Gardberg & Kemmerly, P.C. Attorneys at Law

FILING A SECOND APPLICATION AFTER AN APPEALS COUNCIL DENIAL...THINGS TO KNOW

FILING A SECOND APPLICATION AFTER AN APPEALS COUNCIL DENIAL...THINGS TO KNOW

 

Once you have a hearing before an Administrative Law Judge (ALJ) and should you receive a denial, you have two options. The first is to appeal that denial which protects your onset date and filing date. This appeal is processed by the Appeals Council. The average time for an Appeals Council decision can be approximately two years of waiting. Social Security will not allow you to file an additional application during this time period unless you get permission from the Appeals Council to file a new claim.

 

Should the Appeals Council deny your appeal for benefits, you can file a new application and/or appeal the claim to Federal District Court. It is important to read your Appeals Council denial carefully. Some decisions have an important paragraph noting that if you decide to file a new claim within 6 months of the date of the AC denial, you can use the date you requested AC review as your protective filing date. Your onset date in these matters, however, can go back to the day after the ALJ's unfavorable decision.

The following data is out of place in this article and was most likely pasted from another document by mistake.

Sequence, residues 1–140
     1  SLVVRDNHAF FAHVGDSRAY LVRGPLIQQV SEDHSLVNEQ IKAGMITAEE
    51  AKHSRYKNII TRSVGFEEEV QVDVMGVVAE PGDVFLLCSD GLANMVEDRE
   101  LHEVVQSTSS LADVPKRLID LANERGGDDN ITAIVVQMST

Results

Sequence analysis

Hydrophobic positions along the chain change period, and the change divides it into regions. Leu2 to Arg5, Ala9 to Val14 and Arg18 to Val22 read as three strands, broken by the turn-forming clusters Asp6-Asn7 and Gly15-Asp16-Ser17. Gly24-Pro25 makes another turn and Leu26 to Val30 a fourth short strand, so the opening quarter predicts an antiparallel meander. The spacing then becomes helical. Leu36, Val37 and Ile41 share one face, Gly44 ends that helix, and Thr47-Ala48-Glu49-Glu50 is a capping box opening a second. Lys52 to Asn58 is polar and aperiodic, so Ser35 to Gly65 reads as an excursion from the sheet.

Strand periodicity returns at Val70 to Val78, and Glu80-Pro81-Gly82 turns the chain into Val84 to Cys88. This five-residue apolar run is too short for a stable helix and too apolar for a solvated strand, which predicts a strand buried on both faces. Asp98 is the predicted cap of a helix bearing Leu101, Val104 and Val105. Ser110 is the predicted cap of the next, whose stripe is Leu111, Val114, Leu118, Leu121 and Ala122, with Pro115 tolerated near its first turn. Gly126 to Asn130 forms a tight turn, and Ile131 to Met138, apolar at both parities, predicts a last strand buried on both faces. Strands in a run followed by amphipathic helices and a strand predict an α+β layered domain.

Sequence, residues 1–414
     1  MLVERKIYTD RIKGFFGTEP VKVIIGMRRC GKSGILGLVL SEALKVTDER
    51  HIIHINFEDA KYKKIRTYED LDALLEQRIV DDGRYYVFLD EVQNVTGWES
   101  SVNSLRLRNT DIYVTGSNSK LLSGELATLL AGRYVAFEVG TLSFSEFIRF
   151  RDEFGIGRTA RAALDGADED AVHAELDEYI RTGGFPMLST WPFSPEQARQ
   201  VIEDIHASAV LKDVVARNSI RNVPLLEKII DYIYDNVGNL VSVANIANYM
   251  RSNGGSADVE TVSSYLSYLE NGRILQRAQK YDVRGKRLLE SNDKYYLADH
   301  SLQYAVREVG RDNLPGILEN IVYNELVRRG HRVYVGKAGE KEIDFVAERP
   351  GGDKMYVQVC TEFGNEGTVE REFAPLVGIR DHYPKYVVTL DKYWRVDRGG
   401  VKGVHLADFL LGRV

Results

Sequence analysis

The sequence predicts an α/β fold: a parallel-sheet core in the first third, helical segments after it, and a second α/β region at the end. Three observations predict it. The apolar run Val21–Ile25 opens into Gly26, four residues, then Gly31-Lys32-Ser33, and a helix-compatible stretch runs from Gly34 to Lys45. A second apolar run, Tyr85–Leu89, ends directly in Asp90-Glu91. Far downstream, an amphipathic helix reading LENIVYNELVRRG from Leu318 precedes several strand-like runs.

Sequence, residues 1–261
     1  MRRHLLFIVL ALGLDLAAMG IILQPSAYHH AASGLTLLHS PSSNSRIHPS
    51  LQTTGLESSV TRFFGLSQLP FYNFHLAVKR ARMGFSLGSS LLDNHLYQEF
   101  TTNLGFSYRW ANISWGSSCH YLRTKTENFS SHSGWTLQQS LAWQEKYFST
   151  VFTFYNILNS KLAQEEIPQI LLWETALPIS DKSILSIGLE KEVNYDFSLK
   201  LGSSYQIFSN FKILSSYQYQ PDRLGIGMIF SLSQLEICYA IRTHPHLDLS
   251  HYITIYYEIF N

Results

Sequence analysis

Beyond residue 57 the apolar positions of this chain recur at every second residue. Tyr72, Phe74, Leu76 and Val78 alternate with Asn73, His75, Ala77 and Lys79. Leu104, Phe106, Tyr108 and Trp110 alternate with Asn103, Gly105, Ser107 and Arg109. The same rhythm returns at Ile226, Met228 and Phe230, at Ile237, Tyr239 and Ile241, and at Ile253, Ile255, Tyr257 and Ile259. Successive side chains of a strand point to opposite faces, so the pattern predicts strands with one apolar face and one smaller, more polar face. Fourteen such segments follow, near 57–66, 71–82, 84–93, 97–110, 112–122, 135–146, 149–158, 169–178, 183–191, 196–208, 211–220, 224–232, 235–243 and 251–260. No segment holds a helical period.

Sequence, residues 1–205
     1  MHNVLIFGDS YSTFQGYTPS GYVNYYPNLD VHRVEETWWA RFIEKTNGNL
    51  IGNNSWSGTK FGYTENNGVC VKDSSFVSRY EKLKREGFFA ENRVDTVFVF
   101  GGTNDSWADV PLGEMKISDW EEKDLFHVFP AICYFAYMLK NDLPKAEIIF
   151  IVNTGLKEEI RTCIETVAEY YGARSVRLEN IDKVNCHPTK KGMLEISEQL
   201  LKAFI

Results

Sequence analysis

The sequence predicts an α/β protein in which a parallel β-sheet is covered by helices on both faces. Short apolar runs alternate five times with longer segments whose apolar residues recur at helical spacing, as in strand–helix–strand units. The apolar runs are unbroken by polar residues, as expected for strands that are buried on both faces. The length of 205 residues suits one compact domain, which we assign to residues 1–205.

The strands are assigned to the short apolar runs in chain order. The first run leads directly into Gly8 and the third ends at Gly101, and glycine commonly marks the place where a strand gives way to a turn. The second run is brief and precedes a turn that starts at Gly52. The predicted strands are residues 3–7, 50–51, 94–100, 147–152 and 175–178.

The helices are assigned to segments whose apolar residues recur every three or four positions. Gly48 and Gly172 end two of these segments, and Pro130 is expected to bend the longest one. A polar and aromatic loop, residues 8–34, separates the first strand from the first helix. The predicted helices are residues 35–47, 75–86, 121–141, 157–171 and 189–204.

Why is this important? Social Security will only pay retroactive benefits for 12 months prior to the date you filed, even if your onset date for disability is more than 12 months back. For example: An ALJ denies your claim in an unfavorable decision dated January 1, 2016. You appeal it to the Appeals Council on February 15, 2016. The Appeals Council takes almost two years and denies your appeal on January 30, 2018. If you filed a new claim on March 1, 2018 alleging disability beginning the day after the ALJ's denial, January 2, 2016, and was approved, you would only receive retroactive benefits back to March 1, 2017 and your Medicaid would not go into effect till March of 2019. However, if the Appeals Council denial allows you to use your appeal date of February 15, 2016, and your onset date is January 2, 2016, then your retroactive benefits would begin to calculate in June of 2016 (January minus the 5 month waiting period), and your Medicaid would be effective in June of 2018.

This can be the difference in thousands of dollars in benefits and medical coverage for yourself or a loved one. If you are filing for disability, been denied for benefits, or know someone who has, please call and talk to an experienced disability representative at our firm who can help advise you on your appeal options at 251-343-1111 for a free consultation. Gardberg & Kemmerly specializes in helping the injured and disabled in Alabama, Mississippi, Florida, and Louisiana.  

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